As a 99.99% CW op, I prefer a fairly wide bandwidth - 2 kHz or so - when 
copying, especially with a weak signal. I attribute that to the gray-matter 
filter between my ears that can better detect the CW signal in wider-band noise 
rather than in a noise spectrum limited to frequencies near those of the 

It works better for me even if there are other signals inside the bandpass. 
Then it becomes like listening to someone in a room full of people speaking to 
each other. Quickly my gray matter can filter out the extraneous chatter as 
long as no one voice is extremely loud, like someone standing next to you at a 
party yelling at someone across the room. In that case I prefer using the notch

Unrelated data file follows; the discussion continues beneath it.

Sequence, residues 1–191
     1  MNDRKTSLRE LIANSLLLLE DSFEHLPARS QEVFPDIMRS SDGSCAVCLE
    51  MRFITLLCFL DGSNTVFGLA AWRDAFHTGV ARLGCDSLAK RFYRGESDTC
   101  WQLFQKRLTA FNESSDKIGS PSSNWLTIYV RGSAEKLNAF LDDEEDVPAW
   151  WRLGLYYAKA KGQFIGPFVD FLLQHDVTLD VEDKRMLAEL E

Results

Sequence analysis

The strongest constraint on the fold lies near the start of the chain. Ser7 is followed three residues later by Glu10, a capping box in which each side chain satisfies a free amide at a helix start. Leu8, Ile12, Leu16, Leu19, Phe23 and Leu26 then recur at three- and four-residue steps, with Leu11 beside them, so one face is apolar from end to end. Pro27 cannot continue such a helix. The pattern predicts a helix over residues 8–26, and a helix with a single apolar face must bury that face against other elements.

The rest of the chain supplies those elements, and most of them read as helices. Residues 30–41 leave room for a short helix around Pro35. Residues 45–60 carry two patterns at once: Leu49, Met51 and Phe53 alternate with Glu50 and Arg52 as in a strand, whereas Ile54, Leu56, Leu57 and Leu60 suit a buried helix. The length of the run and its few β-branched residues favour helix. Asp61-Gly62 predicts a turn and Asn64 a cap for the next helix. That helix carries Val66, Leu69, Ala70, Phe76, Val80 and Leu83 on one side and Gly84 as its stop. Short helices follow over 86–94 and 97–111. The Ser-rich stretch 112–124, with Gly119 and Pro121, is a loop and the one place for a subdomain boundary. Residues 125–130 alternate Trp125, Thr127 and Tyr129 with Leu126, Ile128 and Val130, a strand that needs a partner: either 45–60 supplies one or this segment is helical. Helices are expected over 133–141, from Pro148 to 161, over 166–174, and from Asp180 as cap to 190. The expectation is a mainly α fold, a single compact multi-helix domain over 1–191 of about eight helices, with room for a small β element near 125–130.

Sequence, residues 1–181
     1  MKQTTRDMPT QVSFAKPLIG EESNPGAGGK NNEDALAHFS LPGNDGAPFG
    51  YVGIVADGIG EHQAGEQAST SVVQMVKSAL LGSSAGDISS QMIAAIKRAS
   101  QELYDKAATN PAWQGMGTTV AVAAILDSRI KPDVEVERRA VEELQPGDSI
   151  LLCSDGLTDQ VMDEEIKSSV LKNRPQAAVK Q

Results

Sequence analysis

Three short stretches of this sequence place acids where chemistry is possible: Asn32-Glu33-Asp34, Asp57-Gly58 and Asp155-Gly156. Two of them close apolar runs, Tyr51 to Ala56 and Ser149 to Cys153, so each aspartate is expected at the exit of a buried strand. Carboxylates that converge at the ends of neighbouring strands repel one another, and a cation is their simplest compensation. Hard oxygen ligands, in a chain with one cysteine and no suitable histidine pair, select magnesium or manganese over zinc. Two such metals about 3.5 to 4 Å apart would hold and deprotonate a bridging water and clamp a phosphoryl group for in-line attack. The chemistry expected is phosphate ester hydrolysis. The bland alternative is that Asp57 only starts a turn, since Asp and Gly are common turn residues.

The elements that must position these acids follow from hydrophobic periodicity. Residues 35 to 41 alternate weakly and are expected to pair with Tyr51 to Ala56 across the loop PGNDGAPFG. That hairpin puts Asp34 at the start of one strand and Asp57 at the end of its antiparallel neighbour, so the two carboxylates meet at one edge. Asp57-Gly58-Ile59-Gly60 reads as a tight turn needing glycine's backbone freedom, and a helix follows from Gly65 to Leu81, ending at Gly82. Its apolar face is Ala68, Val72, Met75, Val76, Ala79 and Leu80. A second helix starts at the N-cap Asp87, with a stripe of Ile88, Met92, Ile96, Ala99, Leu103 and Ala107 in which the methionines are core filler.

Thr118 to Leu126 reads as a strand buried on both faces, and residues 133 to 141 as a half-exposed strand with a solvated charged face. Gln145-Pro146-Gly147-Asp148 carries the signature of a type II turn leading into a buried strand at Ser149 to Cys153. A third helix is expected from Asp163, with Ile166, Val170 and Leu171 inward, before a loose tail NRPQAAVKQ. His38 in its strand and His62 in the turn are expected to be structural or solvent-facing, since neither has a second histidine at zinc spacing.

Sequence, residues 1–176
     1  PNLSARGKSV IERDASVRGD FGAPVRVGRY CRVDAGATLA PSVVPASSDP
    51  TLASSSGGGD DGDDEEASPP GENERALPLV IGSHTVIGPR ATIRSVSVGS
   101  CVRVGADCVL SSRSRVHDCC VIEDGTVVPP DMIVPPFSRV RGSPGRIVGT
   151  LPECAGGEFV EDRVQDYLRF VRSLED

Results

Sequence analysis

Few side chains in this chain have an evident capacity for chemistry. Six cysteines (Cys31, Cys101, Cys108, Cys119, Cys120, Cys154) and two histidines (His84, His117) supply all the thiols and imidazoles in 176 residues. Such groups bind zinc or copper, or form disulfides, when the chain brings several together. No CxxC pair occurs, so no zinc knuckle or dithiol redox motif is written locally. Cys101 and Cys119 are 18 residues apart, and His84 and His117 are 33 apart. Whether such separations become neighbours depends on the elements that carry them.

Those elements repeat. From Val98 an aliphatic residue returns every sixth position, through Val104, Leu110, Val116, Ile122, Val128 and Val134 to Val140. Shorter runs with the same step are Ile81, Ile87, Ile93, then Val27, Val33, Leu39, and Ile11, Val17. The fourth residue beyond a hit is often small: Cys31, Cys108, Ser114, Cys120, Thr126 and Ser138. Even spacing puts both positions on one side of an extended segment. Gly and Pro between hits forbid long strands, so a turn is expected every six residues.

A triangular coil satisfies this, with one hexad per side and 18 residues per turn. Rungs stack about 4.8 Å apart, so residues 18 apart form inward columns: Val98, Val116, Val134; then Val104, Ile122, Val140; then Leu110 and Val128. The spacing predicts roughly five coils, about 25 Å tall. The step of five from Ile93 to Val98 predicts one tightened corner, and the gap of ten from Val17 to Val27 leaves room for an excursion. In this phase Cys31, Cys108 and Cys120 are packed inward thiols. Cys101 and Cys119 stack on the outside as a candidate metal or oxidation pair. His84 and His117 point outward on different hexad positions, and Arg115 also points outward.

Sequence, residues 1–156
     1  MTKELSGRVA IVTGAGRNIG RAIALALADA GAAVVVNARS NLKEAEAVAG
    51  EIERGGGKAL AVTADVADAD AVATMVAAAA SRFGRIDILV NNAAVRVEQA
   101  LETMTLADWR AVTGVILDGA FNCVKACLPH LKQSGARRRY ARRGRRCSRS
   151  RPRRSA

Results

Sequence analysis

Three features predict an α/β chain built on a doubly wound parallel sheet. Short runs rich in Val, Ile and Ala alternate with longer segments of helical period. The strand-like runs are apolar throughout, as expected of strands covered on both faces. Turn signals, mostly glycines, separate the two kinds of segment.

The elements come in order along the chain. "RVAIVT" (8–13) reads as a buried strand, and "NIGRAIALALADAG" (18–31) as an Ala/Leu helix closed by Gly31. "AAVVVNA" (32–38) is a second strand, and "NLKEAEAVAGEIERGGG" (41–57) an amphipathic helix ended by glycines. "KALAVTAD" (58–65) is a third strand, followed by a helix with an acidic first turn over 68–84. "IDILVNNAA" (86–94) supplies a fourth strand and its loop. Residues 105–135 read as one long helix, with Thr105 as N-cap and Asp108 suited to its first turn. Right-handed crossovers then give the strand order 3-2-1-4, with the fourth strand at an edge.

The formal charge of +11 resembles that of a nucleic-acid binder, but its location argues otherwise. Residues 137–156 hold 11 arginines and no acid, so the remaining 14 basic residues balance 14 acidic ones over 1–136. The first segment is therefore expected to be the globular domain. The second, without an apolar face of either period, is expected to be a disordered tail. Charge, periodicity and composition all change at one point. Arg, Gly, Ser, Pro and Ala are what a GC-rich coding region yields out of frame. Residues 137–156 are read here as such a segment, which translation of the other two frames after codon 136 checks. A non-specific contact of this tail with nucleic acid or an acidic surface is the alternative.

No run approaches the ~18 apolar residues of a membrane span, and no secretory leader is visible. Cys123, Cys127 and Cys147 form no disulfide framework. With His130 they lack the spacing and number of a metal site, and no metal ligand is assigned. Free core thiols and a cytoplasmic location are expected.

filter or even the limiter to suppress a "loudmouth" before narrowing the 

I used to avoid AGC because of 'pumping', but got back into the habit with the 
Elecraft rigs because their AGC systems are extremely resistant to pumping.  

It was easier in the past because many signals had distinctive differences 
caused by hand-sent keying which made it easier to pick them out against a 
cacophony of others. Now, of course, most signals are pristine and produced by 
keyers although there are large variations in speeds, so it's still easier for 
me to use a wider bandwidth.

73, Ron AC7AC  

-----Original Message-----
From: Elecraft [] On Behalf Of Walter 
Sent: Tuesday, September 20, 2016 8:43 PM
To: Elecraft Reflector Reflector
Subject: Re: [Elecraft] Running stations with k3

Analog filters have phase delay. That would be stronger with a narrower filter. 
Also, the on-off CW signal has sidebands (the harmonics of the square wave). 
Maybe a narrower filter sounds “softer”? I have no idea what “full-bodied CW” 
means, of course.

Walter Underwood
CM87wj (my blog)

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